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NCSC warns ransomware attacks to intensify due to AI


The number of cyberattacks will “almost certainly” increase in the next two years as artificial intelligence lowers the entry barrier for less skilled hackers, Britain’s cyber chiefs say.

Ransomware continues to be the most acute cyber threat faced by businesses and organizations in the UK – a global problem that artificial intelligence (AI) will further exacerbate, a new report published by the National Cyber Security Centre (NCSC) said.

“AI is already being used in malicious cyber activity and will almost certainly increase the volume and impact of cyberattacks – including ransomware – in the near term,” said NCSC, which is part of the UK’s cyber spy agency GCHQ.

The report concluded that AI lowers the barrier of entry to novice cybercriminals, hackers-for-hire, and hacktivists.

“AI enables relatively unskilled threat actors to carry out more effective access and information-gathering operations,” NCSC said.

“This enhanced access, combined with the improved targeting of victims afforded by AI, will contribute to the global ransomware threat in the next two years,” it said.

The cyber agency said cybercriminals had already started to develop criminal generative AI, also known as GenAI, and to offer “GenAI-as-a-service,” making it available to anyone willing to pay.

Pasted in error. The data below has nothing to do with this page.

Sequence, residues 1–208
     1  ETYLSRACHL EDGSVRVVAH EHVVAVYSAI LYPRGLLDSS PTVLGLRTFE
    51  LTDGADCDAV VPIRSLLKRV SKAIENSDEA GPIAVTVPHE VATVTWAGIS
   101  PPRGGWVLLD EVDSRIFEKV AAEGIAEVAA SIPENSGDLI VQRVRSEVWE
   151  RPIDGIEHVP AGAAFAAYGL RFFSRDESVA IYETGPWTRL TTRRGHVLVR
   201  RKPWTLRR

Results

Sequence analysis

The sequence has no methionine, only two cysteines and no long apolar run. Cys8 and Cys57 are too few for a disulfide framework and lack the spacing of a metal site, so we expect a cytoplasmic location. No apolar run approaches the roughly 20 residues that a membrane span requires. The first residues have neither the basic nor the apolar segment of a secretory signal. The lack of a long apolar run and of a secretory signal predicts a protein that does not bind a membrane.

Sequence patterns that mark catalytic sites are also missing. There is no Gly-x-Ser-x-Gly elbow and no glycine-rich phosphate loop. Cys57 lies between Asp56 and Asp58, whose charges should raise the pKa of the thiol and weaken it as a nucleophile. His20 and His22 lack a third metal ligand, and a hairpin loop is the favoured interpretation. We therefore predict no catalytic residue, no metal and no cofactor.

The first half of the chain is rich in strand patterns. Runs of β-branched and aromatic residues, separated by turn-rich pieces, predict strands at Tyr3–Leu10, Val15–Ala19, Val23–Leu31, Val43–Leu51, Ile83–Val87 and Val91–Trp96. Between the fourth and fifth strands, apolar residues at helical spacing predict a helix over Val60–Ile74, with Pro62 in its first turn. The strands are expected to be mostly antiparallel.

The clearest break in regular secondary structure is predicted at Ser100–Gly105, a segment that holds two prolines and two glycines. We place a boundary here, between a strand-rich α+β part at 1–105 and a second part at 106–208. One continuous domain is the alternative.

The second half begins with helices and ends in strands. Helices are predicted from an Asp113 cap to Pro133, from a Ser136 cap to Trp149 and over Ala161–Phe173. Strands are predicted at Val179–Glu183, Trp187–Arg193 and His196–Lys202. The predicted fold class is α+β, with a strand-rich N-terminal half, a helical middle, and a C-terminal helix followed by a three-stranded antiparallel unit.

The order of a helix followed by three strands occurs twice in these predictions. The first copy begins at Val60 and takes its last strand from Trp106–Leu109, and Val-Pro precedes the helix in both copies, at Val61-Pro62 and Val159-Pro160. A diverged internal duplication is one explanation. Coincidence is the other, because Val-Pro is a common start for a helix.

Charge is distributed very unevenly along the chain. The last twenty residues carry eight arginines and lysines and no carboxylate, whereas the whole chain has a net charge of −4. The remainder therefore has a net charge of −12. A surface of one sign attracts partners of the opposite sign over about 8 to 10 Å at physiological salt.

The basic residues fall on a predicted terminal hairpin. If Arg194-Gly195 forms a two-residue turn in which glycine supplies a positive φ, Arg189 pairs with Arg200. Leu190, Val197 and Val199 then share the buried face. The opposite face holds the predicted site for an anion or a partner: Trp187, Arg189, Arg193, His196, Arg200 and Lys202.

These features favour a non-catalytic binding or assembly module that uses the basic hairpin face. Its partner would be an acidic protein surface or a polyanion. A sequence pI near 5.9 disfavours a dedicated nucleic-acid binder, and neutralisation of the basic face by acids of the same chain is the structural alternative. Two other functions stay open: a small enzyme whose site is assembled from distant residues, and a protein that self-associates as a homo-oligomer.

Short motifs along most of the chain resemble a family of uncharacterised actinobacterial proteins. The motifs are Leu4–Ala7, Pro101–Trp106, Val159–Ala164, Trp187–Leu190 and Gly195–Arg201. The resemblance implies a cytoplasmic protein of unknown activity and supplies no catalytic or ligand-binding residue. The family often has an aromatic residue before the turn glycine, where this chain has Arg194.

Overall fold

However, the effectiveness of GenAI models will still be constrained by both the quantity and quality of data on which they were trained, the report said.

Lindy Cameron, chief executive at NCSC, said companies and organizations should make sure they keep up with ransomware and cybersecurity hygiene to strengthen their defenses and boost resilience.

“We must ensure that we both harness AI technology for its vast potential and manage its risks – including its implications on the cyber threat,” Cameron said.

“The emergent use of AI in cyberattacks is evolutionary not revolutionary, meaning that it enhances existing threats like ransomware but does not transform the risk landscape in the near term.”

According to the National Crime Agency (NSA), it’s unlikely that any other type of cybercrime will replace ransomware this year due to the financial rewards and established business model that it entails.

“Ransomware continues to be a national security threat. As this report shows, the threat is likely to increase in the coming years due to advancements in AI and the exploitation of this technology by cybercriminals,” said James Babbage, director general for threats at NSA.

Babbage added: “AI services lower barriers to entry, increasing the number of cybercriminals, and will boost their capability by improving the scale, speed, and effectiveness of existing attack methods. Fraud and child sexual abuse are also particularly likely to be affected.”

The British government has invested £2.6 billion ($3.3 billion) to improve the country’s cyber resilience as part of its Cyber Security Strategy.


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